47. Are There Extrinsic Desires?David K. Chan - 2004 - Noûs 38 (2):326-50.
    An extrinsic desire is defined as a desire for something, not for its own sake, but for its supposed propensity to secure something else that one desires. I argue that the notion of ‘extrinsic desire’ is theoretically redundant. I begin by defining desire as a propositional attitude with a desirability characterization. The roles of desire and intention in practical reasoning are distinguished. I show that extrinsic desire does not have its own motivational role. I also show that extrinsic desire is (...)
  48. Can Desires Provide Reasons for Action?Ruth Chang - 2004 - In R. Jay Wallace, Philip Pettit, Samuel Scheffler & Michael Smith (eds.), Reason and Value: Themes From the Moral Philosophy of Joseph Raz. Oxford University Press. pp. 56--90.
    What sorts of consideration can be normative reasons for action? If we systematize the wide variety of considerations that can be cited as normative reasons, do we find that there is a single kind of consideration that can always be a reason? Desire-based theorists think that the fact that you want something or would want it under certain evaluatively neutral conditions can always be your normative reason for action. Value-based theorists, by contrast, think that what plays that role are evaluative (...)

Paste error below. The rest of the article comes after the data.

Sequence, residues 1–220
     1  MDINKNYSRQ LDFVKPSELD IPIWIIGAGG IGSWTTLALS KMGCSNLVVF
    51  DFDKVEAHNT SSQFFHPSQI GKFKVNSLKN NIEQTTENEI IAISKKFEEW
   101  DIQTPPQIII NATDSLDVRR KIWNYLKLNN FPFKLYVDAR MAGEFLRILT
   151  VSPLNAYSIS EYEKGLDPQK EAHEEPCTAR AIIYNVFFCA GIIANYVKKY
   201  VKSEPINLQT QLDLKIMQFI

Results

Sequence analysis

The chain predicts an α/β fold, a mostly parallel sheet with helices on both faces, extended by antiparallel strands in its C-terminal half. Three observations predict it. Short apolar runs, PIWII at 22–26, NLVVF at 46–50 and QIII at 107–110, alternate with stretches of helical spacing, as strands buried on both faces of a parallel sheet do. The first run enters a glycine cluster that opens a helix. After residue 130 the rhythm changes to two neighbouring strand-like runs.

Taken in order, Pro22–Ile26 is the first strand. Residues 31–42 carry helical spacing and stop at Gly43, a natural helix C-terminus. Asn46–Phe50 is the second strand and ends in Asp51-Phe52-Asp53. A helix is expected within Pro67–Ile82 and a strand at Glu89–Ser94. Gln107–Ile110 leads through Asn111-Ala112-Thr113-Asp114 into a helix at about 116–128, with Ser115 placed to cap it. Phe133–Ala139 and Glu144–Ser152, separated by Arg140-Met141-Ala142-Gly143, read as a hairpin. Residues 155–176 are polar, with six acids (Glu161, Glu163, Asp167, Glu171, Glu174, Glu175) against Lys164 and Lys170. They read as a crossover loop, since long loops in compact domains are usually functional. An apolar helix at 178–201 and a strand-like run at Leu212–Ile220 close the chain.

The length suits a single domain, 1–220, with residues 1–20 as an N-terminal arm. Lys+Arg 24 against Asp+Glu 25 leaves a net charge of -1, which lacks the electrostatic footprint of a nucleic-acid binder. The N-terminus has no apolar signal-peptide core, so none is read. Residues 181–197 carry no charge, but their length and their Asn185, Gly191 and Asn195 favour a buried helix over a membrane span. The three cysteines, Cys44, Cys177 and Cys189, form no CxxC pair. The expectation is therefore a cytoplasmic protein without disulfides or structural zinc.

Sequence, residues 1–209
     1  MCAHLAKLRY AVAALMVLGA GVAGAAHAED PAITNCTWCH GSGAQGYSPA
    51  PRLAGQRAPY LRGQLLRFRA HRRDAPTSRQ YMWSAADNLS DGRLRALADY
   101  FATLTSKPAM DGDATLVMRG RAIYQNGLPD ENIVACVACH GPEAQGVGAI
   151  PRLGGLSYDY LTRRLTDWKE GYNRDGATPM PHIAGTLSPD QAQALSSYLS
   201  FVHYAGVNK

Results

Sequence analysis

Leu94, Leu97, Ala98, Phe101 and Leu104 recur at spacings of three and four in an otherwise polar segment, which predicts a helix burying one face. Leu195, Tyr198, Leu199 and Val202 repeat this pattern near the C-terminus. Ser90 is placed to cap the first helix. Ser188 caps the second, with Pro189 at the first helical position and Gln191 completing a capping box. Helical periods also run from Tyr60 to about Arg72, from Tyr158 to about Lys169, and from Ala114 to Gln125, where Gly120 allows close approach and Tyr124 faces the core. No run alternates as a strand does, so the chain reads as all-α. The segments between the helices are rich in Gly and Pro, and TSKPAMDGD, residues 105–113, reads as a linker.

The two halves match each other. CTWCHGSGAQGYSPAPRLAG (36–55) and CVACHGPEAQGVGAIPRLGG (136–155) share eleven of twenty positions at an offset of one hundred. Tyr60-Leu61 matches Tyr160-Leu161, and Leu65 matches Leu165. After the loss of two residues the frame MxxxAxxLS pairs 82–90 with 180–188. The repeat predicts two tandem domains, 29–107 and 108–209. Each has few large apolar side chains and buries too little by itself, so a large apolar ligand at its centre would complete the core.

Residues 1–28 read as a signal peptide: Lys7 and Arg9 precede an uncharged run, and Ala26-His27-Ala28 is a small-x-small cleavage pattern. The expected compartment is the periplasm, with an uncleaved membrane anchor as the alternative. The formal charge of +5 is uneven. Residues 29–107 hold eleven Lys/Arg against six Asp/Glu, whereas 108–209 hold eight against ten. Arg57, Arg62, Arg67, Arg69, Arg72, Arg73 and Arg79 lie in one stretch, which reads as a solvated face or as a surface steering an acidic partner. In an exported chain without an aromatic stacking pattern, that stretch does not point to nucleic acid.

49. Aspects, Guises, Species and Knowing Something to Be Good.Philip Clark - 2010 - In Sergio Tenenbaum (ed.), Desire, Practical Reason, and the Good. Oxford University Press. pp. 234.
  50. Velleman's Autonomism.Philip Clark - 2001 - Ethics 111 (3):580–593.
    People sometimes think they have reasons for action. On a certain naive view, what makes them true is a connection between the action and the agent’s good life. In a recent article, David Velleman argues for replacing this view with a more Kantian line, on which reasons are reasons in virtue of their connection with autonomy. The aim in what follows is to defend the naive view. I shall first raise some problems for Velleman's proposal and then fend off the (...)